Despite the warning in the “Back to Sleep” campaign that smoking may increase the risk of SIDS, researchers in England found that the anti-smoking warning campaign had no impact on mothers who already smoked (though it did seem to deter some mothers from starting). Smokers followed the other SIDS risk reduction suggestions, such as switching their baby’s sleeping position from front to back, but continued to smoke. I’m surprised at these results since, normally, mothers would never do anything to deliberately harm their infant. I conclude, therefore, that concerning smoking a mother’s addiction can override her intuition. When it comes to smoking too many people still feel they’ll beat the odds: “It just can’t happen to me.” “It just can’t happen to my baby.”
From this mind-set we can learn the following things: First, there must be laws to protect infants who can’t help themselves and parents who can’t, or won’t. Also, there needs to be support resources to help parents, especially mothers, quit smoking. Finally, information on how smoking hurts babies needs to reach pre-smokers; namely teens (infants of teen mothers are at higher risk of SIDS). This tactic is being tried in New Zealand with the KIDS-AGAINST-SIDS campaign, in which teens are taught the hazards of smoking before they get pregnant or start smoking. The surgeon general’s 1994 report “Preventing Tobacco Use Among Young People” concludes that if people don’t start smoking as adolescents, most will never become smokers.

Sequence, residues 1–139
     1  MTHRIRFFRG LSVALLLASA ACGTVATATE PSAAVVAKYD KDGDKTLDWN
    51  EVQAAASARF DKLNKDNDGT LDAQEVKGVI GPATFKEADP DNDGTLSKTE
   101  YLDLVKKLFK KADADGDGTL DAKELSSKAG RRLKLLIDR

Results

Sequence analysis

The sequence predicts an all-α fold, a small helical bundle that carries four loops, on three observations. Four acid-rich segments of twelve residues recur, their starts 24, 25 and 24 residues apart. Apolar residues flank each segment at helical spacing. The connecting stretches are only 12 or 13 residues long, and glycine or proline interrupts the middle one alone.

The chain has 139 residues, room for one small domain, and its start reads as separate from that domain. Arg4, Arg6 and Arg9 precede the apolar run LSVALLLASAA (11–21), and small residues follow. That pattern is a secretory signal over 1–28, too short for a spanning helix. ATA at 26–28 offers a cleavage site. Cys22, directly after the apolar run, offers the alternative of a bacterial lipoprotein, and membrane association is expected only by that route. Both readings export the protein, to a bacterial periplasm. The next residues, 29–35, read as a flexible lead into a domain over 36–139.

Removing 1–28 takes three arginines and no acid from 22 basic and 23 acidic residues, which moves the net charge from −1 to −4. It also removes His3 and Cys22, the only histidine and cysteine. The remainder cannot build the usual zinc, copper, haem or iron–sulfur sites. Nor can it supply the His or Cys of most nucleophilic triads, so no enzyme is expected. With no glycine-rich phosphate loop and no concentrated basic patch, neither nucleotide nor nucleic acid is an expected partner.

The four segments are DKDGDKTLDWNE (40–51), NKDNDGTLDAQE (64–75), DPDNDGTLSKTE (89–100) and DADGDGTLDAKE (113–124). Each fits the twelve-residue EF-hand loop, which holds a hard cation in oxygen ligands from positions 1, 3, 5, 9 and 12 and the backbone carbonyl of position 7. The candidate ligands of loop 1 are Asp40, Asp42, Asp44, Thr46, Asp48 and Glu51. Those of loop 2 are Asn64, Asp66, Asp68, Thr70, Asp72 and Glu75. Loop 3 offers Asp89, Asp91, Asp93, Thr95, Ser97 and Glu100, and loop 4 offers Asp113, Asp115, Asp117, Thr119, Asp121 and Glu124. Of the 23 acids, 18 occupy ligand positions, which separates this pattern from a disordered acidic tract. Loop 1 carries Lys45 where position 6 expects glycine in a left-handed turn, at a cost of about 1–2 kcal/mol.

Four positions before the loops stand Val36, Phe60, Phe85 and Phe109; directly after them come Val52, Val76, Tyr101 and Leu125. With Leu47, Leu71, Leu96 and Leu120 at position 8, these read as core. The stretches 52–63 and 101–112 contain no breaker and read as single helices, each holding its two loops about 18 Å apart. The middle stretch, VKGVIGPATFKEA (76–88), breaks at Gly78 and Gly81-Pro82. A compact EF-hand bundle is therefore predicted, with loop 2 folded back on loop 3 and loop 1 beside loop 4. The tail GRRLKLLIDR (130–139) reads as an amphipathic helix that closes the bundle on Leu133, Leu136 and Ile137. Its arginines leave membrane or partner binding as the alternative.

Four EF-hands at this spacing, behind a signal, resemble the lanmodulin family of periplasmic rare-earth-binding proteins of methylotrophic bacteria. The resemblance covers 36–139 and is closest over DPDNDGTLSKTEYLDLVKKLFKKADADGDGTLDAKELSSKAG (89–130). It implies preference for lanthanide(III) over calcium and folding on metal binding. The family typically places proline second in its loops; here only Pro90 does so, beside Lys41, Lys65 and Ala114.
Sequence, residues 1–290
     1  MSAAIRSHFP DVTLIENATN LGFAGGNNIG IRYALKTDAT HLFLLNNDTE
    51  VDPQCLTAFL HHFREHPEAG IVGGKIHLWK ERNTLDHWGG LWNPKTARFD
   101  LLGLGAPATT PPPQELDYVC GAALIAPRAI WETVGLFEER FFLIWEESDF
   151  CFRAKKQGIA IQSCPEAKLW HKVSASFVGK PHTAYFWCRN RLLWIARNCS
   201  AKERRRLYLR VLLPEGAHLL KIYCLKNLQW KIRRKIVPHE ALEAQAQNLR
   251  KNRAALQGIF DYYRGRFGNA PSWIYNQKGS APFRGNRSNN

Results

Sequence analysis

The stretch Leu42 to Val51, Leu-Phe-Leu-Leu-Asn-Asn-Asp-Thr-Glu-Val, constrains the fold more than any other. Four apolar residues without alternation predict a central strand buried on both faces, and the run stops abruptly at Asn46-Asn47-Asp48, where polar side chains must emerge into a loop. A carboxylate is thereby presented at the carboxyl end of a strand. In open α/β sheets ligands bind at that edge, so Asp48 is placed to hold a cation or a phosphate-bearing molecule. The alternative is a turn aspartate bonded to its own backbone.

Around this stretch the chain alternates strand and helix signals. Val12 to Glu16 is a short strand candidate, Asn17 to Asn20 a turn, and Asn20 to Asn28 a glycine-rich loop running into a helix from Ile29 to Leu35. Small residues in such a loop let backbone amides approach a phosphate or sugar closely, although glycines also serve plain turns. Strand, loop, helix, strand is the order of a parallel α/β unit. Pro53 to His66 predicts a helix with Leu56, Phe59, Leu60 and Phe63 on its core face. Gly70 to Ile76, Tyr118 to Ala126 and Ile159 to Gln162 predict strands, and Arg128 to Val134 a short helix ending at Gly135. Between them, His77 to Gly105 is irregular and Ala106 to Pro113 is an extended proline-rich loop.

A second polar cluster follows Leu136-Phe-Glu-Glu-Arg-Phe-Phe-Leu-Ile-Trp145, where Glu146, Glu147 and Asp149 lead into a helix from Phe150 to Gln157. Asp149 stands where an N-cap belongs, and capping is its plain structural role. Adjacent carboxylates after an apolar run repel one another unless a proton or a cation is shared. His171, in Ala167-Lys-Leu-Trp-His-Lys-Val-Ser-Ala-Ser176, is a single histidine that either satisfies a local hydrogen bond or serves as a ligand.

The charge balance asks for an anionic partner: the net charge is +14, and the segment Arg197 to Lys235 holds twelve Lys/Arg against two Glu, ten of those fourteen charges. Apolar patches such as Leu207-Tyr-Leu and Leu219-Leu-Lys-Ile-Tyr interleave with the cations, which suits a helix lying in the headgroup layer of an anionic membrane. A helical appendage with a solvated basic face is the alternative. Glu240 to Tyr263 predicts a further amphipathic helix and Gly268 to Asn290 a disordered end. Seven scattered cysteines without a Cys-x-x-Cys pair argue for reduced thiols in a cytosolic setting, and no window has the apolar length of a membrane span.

If SIDS parents, health-care professionals, and other concerned citizens start to scream louder than the tobacco executives, we may soon see effective warning labels, public health campaigns, and a decrease in parental smoking. Researchers estimate that if maternal smoking could be eliminated altogether, the overall infant death rate could be reduced by ten percent and the SIDS rate by twenty-seven percent.
Pamphlets and information on how to quit smoking can be obtained from these resources:
American Cancer Society
American Lung Association
A Pregnant Woman’s Guide to Quit Smoking By Richard A. Windsor and Dianne Smith
Available through your library or from bookstores, this book contains a ten-day, twenty-step workbook on practical ways to quit smoking.